A popular Norwegian rap duo was accused of mainstreaming anti-Semitism by using “Jew” and Ariel Sharon as insults in its latest single.
Karpe Diem, which has sold hundreds of thousands of CDs in Norway since its creation in 2000, released “Attitude Problems” last week, the online edition of the Verdens Gang daily reported Wednesday.
“I don’t mean dog or bitch or whore, I don’t mean pussy or Jew or dork,“ the lyrics read, and: “A joke is a joke, Ariel Sharon.”
The report followed the publication Wednesday on Facebook of an open letter to Karpe Diem by Eliana Hercz, a 21-year-old Jewish rap fan. The online version of the Aftenposten daily, Norway’s largest newspaper, reproduced the letter in its opinion section, drawing attention to the song by national media and prominent members of the Jewish community, including its president, Ervin Kohn, who praised Hercz on Facebook for highlighting the issue.
“It turned my stomach,“ Hercz, an activist against anti-Semitism, wrote about the song, which she said legitimizes anti-Semitism because it places the neutral word for Jew in Norwegian on equal footing with curse words.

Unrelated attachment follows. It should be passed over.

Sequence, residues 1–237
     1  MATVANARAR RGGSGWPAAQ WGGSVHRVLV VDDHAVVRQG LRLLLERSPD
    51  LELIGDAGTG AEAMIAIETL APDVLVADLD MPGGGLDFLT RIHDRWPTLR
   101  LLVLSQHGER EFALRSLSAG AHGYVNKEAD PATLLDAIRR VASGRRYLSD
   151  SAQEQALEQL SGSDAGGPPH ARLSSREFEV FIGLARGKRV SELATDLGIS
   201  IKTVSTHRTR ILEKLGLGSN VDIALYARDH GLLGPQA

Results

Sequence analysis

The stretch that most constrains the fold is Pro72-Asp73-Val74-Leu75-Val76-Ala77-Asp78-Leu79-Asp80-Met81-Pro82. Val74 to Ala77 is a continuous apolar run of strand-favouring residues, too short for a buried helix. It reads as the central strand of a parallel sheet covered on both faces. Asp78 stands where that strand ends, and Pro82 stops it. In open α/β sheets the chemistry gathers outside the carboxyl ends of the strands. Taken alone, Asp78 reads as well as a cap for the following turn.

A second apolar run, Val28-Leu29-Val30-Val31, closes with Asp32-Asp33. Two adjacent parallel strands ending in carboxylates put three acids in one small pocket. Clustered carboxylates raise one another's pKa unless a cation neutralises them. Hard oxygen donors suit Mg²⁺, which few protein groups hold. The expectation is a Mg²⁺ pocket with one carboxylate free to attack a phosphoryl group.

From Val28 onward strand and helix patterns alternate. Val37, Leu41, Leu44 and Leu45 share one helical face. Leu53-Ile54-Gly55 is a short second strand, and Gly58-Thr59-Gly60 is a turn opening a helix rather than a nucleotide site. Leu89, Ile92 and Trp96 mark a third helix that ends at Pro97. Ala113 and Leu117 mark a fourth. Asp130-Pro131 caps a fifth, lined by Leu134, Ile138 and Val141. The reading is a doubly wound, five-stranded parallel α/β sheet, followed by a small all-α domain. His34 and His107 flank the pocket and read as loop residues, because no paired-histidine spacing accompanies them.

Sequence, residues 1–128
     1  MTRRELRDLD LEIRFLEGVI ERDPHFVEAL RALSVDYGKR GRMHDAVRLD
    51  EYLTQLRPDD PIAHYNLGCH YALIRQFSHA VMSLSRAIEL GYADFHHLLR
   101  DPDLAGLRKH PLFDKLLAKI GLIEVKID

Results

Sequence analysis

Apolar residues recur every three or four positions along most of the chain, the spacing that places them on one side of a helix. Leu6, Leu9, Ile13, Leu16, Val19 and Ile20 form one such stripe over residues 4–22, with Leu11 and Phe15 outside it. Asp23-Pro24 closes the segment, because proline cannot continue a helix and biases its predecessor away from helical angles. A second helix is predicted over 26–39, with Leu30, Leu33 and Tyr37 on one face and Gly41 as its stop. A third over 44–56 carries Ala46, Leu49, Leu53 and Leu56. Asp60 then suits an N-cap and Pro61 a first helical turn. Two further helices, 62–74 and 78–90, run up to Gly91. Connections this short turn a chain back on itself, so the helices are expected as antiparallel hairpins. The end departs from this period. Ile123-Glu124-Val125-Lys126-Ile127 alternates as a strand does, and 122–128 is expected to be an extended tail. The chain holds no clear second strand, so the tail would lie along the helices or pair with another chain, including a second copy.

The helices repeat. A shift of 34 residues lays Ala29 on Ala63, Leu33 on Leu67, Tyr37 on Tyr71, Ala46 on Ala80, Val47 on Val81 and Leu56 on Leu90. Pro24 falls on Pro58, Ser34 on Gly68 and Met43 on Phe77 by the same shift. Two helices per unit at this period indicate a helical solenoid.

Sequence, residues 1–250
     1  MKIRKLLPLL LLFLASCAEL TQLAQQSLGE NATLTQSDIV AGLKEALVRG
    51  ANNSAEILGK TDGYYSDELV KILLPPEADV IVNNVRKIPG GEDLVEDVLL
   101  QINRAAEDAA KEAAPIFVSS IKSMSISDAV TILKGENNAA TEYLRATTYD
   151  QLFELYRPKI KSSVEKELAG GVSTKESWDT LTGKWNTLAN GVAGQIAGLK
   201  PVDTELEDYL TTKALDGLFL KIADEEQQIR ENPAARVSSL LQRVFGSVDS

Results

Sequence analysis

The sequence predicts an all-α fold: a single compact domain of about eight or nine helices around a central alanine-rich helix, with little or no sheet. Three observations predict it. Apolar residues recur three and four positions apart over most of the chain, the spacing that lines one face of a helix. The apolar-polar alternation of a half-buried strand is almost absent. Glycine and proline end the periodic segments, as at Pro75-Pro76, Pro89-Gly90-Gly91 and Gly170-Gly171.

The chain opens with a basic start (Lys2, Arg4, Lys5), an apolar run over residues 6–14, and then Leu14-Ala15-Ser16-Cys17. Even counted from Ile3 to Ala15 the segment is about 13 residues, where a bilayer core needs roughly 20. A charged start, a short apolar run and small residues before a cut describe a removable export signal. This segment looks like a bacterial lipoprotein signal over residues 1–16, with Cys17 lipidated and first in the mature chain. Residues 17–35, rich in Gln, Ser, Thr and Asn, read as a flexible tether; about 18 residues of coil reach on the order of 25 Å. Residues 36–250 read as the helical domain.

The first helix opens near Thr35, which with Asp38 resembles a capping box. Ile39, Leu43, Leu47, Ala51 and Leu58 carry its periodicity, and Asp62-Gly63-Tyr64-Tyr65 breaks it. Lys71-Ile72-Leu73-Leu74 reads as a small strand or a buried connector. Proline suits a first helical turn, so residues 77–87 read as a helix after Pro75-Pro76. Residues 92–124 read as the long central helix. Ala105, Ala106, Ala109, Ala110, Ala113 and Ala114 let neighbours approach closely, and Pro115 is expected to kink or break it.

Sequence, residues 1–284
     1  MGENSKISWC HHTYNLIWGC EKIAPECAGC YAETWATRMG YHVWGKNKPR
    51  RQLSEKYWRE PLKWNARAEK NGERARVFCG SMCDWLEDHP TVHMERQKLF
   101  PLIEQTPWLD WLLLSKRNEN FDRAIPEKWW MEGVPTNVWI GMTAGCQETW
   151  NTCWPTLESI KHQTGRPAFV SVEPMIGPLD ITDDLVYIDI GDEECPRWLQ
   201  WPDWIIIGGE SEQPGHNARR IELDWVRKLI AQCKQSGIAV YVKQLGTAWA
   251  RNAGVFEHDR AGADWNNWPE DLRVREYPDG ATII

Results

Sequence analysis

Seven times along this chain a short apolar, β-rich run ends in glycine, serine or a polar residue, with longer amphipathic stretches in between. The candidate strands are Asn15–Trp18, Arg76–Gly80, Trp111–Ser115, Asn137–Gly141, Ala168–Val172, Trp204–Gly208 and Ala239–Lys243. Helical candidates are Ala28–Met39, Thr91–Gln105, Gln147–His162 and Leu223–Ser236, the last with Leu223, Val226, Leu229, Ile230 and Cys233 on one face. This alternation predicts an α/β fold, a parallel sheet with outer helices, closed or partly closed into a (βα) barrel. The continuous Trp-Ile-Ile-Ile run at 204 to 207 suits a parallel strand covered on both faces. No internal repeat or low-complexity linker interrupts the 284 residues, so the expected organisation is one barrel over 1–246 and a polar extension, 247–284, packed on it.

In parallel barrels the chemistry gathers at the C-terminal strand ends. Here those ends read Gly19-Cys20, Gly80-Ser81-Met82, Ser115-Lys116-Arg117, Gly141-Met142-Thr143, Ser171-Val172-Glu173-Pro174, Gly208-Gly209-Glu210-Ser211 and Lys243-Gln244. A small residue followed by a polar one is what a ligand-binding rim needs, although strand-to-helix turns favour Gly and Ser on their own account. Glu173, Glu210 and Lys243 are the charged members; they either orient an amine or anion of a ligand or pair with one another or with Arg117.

Karpe Diem’s spokesperson, Trine Jacobsen, wrote on Facebook that the derogatory terms were listed “to point out that the terminology is problematic when taken out of context.” In an email, she added: “Magdi mentions several words that potentially can be interpreted as offensive. However, he mentions them after explicitly stating that he does not mean them as offensive himself. He would never use these words to describe anybody in a derogatory way. Not now, not ever.
“At its core the song is about how one word, when taken out of context, can overshadow the whole in no time. It is all about being misunderstood. It is about the fact that one word can undermine the entire setting it has been taken out of,” she added.
But in her letter, Hercz argued that the inclusion of the word for Jew and Ariel Sharon, a former Israeli prime minister, in a list of insults augments the problem rather than helping to solve it.
“It turned my stomach because, during my childhood, I experienced being called ‘f—ing Jew’,” she wrote. During visits to schools to increase awareness, she said, whole classrooms raise their hands when she asks how many pupils in the room heard the word ‘Jew’ used as an insult.
“The song reinforces that which I try to fight against every day,” she wrote.
Karpe Diem is a three-time winner of the Spellemann Prize, which is often dubbed the Norwegian Grammy Awards. The duo was put together by Magdi Omar Ytreeide Abdelmaguid, a Norwegian of Egyptian descent, and Chirag Rashmikant Patel, whose family is Indian.
Norway, a nation of 5 million, has several hundred Jews.